I have re-read your post/question a couple of times, it would be very difficult come up with an answer for your specific purchase as we are not party to the contract, nor have access to review what you are actually doing (lease option to purchase, exercising the option or completing the purchase in full with or without a loan?)
In general depending on the County and City transfer of property between parents/grandparents to children or grandchildren may be exempt from the transfer taxes, check with the County Assessor's office or City Clerk. Transferring the property from the person you are purchasing it from will require payment of transfer taxes plus completion of any point of sale requirements the City/County may have.
Hopefully you had a real estate attorney draw up the lease option contract, had your option recorded and have a Title and Escrow company handling the escrow and insuring clear title. Consulting with a tax and financial professional is also a good idea, as gifting property may trigger tax issues.
I believe you are about to exercise your option to purchase (which is incorporated in your lease to own contract). I believe it would be prudent for you to get a real estate attorney or broker to review your contract and guide you through this process and make sure that you get clear title to the property.
Once you own the property, then you can deed it to your daughter. There are gift tax, transfer tax issues etc. You might want to consult a cpa to determine the CA and Federal tax ramifications
Bethany Real Estate and Investments
I agree with every agent's response on this thread. I won't wallow in what you should have done. The details of your transaction don't matter.
Truth is, we cannot advise you. As REALTOR's (which most of us are), we each abide by the State of CA DRE laws and regs and are bound contractually to the terms and conditions which were created and ascribed according to the California Association of REALTORs and can be backed up by a slew of real estate attorneys on their payroll. If you had a question which fell under any of those terms, we could advise you all day. And as an extra bonus, we would also have the legal power behind us to back you up.
When people opt to go outside of a traditional real estate transaction, ungoverned and unpoliced, they are taking a risk.
Your lease to buy agreement, if you have questions, should probably be reviewed with a real estate attorney, a title company, and a full-time real estate agent. It may not be too late to get the right entities involved.
It's not worth it in the long run to try to sav a little money. If you end up in court, you'll end up paying way more than you tried to save.
Hope that helps.
Keisha Mathews, REALTORÂ®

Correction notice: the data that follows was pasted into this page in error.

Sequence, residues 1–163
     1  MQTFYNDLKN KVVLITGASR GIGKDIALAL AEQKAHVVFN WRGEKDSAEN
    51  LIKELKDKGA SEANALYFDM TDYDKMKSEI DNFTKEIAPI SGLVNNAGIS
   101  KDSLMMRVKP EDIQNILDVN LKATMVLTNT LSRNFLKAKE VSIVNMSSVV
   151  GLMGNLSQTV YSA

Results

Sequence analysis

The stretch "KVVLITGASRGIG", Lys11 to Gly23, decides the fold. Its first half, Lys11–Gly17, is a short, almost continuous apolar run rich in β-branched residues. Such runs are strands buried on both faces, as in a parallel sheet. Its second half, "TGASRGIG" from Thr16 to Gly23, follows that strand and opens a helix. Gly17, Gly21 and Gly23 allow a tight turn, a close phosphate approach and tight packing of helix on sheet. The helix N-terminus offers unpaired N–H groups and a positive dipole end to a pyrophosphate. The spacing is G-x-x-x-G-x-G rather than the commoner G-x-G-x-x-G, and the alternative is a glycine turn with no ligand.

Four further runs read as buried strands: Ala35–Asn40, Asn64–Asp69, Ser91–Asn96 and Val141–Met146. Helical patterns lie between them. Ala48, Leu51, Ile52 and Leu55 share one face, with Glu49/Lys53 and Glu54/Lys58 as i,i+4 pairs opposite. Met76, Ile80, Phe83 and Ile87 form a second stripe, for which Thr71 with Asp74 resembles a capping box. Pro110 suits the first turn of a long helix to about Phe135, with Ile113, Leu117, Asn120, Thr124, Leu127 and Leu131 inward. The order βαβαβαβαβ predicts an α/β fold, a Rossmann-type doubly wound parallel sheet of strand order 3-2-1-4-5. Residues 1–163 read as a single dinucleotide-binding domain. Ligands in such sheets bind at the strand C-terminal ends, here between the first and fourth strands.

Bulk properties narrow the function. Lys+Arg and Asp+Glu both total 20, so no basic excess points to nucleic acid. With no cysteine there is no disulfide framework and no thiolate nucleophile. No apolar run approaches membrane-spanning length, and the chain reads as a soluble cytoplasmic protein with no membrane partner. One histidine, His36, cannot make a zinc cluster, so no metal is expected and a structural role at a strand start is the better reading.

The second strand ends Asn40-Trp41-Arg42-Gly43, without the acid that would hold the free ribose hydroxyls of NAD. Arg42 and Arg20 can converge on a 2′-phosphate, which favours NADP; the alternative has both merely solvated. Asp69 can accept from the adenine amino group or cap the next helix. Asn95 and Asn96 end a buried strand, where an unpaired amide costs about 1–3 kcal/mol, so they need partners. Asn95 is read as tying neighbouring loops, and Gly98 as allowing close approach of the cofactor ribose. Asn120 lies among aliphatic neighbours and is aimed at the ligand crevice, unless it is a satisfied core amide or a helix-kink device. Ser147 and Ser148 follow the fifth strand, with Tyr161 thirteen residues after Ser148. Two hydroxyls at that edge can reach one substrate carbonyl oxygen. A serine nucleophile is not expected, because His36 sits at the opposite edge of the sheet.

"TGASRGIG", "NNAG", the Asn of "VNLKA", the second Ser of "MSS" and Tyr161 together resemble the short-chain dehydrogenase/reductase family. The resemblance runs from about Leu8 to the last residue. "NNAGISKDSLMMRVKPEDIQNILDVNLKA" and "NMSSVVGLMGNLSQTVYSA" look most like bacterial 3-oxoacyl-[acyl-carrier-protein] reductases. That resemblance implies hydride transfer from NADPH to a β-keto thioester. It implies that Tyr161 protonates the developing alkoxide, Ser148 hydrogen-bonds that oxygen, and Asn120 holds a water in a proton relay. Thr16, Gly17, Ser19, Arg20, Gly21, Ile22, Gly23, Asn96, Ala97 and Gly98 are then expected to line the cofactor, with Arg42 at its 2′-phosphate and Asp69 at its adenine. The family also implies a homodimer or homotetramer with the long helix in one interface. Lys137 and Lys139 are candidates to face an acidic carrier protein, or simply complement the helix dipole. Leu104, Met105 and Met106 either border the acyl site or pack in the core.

CDPEÂ®, HRCÂ®, HAFAÂ® Certified
"The Short Sale Lady"
Century 21 Landmark Network
(916) 370-1803 cell/direct
(916) 405-3886 fax
Your note does not really say what it is you are attempting to accomplish.
Do you wish to transfer the property to your daughter after you consumate
your LEGAL contract to purchase, or prior?
Because you are involved in a LEGAL contract if you are doing anything
prior to owning the property you should have an attorney review your
contract to advise you as to your options. You have no legal right to transfer
a property you do not own, but you may be able to assign your contractural
right to purchase to your daughter. Only your contract will answer this question.
Good luck to you
One option of many possibilities--if the home is titled in your name, than you can use a sort of Deed and record the transfer of title to your daughters name. State, County, City transfer taxes, recording fees, escrow fees may apply. And there may be other fees.
You should consult a Real Estate Attorney, and/or a Tax advisor as Steve suggested, to be sure you are handling the transfer correctly--as the scenario I described above may not work for your situation.
Transferring property is legal and can be done, if done correctly.
The purchase agreement will define who is authorized to buy under the agreement. If your daughter is not the name on the agreement, there needs to be an assignment clause that allows the daughter to buy it under the same terms as offered to you. The costs related to the purchase will also be defined under the terms listed in the original agreement.
Jay is right, it'd be best to have a realtor assist you in executing this option. In additiion, execute the puchase using a title and escrow company to ensure that you obtain clear title when you purchase. Executing the contract is not complex but it is detailed and it's important that it be done correctly. This is a case where 'you don't know what you don't know'. Get someone to help you. Good luck and congratulations on your (soon to be) home.